Prolific Puerto Rican composer popularly known as “El Jibarito.” His songs include boleros, Puerto Rican danzas, plenas, and operettas, among others. He was also a director and musical consultant, as well as a composer of music for movies.
He was born in the town of Aguadilla on October 24, 1892, the son of Miguel ángel Rosa and María Hernández. While he worked as a child in a cigarette factory, he began studying music, with the support of his grandmother. When he was 12 years old, he began taking lessons from José Ruellán Lequenica and Jesús Figueroa. During that era, he learned to play various instruments, including the trombone, the violin, the guitar, the piano, the cornet and the euphonium.
He moved to the Puerta de Tierra sector on the outskirts of Old San Juan, where he lived with his three siblings, Victoria, Jesús and Rosa Elvira, whom he supported. He was a musician in the Municipal Orchestra, under the direction of Manuel Tizol. He wrote his first song in 1912, a danza called María y Victoria. Later, after World War I broke out, he enlisted in the United States Army, where he served as an orderly while also playing the trombone in his company’s military band. After completing his military service, he settled in New York City, where he came to know various Puerto Rican writers and musicians, such as Luis Palés Matos, Luis Llorens Torres and Pedro Flores.
He later moved to Cuba, where he stayed for four years. There, he directed the Fausto Theaterorchestra in Havana. In 1925, on Cuban Song Day, he presented his composition, Capullito de alelí, and won an honorable mention. When he returned to New York, he founded the Trío Borinquen in 1927 along with Manuel “Canario” Jiménez, the lead singer, Salvador Ithier, backup singer and lead guitar. Jiménez was replaced soon thereafter by the Dominican tenor Antonio Mesa. With the group’s success, some of his songs became popular, such as Siciliana, La muñeca and Me las pagarás. In 1929, he wrote one of his most famous songs, Lamento Borincano, a bolero with a social theme.
After dissolving the Trío Borinquen in 1931, he created the Grupo Hernández, which later became known as the Conjunto Victoria, in honor of his sister. It consisted mainly of Mengol Díaz, Rafael Rodríguez and Armando Carmona as lead singer, who was replaced in 1934 by Pedro Ortiz Dávila, also called “Davilita.” Other musicians of the stature of Monsanto and Chemín, among others, joined the group during recordings. After a brief stay in Mexico, he rejoined the group, which then consisted of Davilita, Paquito López Cruz and Rafael Rodríguez, now under the name Cuarteto Victoria.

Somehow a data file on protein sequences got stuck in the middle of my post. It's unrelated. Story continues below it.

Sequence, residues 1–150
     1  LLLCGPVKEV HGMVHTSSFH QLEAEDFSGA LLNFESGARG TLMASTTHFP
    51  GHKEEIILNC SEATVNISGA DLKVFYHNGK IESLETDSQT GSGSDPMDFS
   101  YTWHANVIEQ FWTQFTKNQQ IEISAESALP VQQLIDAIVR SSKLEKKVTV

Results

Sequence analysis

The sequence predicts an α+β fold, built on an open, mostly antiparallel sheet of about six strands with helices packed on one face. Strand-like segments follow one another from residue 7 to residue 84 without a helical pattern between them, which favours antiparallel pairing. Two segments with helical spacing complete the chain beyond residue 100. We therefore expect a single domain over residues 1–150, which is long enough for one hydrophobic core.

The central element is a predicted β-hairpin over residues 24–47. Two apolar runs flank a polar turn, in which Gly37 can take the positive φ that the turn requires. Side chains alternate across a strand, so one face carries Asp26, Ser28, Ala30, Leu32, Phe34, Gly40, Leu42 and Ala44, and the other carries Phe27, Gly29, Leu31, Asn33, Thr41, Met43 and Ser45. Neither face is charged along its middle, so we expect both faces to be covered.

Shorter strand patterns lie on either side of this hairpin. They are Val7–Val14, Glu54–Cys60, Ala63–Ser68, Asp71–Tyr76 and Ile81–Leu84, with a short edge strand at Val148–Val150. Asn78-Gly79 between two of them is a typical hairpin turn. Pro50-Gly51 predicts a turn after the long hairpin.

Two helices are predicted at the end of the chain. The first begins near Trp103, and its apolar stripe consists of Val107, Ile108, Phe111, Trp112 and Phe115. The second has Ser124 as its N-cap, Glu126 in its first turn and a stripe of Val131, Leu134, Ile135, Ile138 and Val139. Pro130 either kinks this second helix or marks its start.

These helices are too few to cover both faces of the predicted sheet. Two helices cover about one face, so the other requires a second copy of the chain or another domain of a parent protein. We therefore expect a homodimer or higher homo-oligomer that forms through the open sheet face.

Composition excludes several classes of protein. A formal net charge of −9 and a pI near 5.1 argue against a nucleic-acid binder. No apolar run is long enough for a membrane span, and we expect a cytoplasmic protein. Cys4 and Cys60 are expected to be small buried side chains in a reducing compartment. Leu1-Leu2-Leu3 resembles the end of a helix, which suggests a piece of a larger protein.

In the early 1940s, he again moved to Mexico, where he lived for more than a decade. There, he refined his skills through graduate studies at the Mexico National Conservatory of Music, where he earned the degree of Master of Harmony, Composition, Counterpoint and Fugue. It was there that he wrote a large part of his musical repertoire, including the songs Preciosa, Campanitas de cristal, El cumbanchero and Perfume de gardenia.
In 1953, he settled in Puerto Rico with his family, where he toured various towns. Later, he worked as the orchestra director for the government radio station, WIPR, and as musical consultant for the station. He was honorary president of the Puerto Rico Association of Composers and Authors (1956 to 1959) and was one of the founders of the children’s baseball organization, the Little League.
He died on December 11, 1965, in San Juan, leaving behind a legacy of more than 3,000 songs, including Desvelo de amor (1937), Canción del alma (1942) and Canción de tus recuerdos (1949), among others.
By the PROE Editorial Group
Portal de la Fundación Nacional para la Cultura Popular, San Juan, Puerto Rico.
López, Nilda. “Rafael Hernández”. En Rojo. 6 al 12 de noviembre de 2008: 19. Impress.
Salazar, Max. “Remembering Rafael Hernández Latin Beat Magazine. May 1997. Web.
Author: Grupo Editorial EPRL
Published: September 03, 2014.
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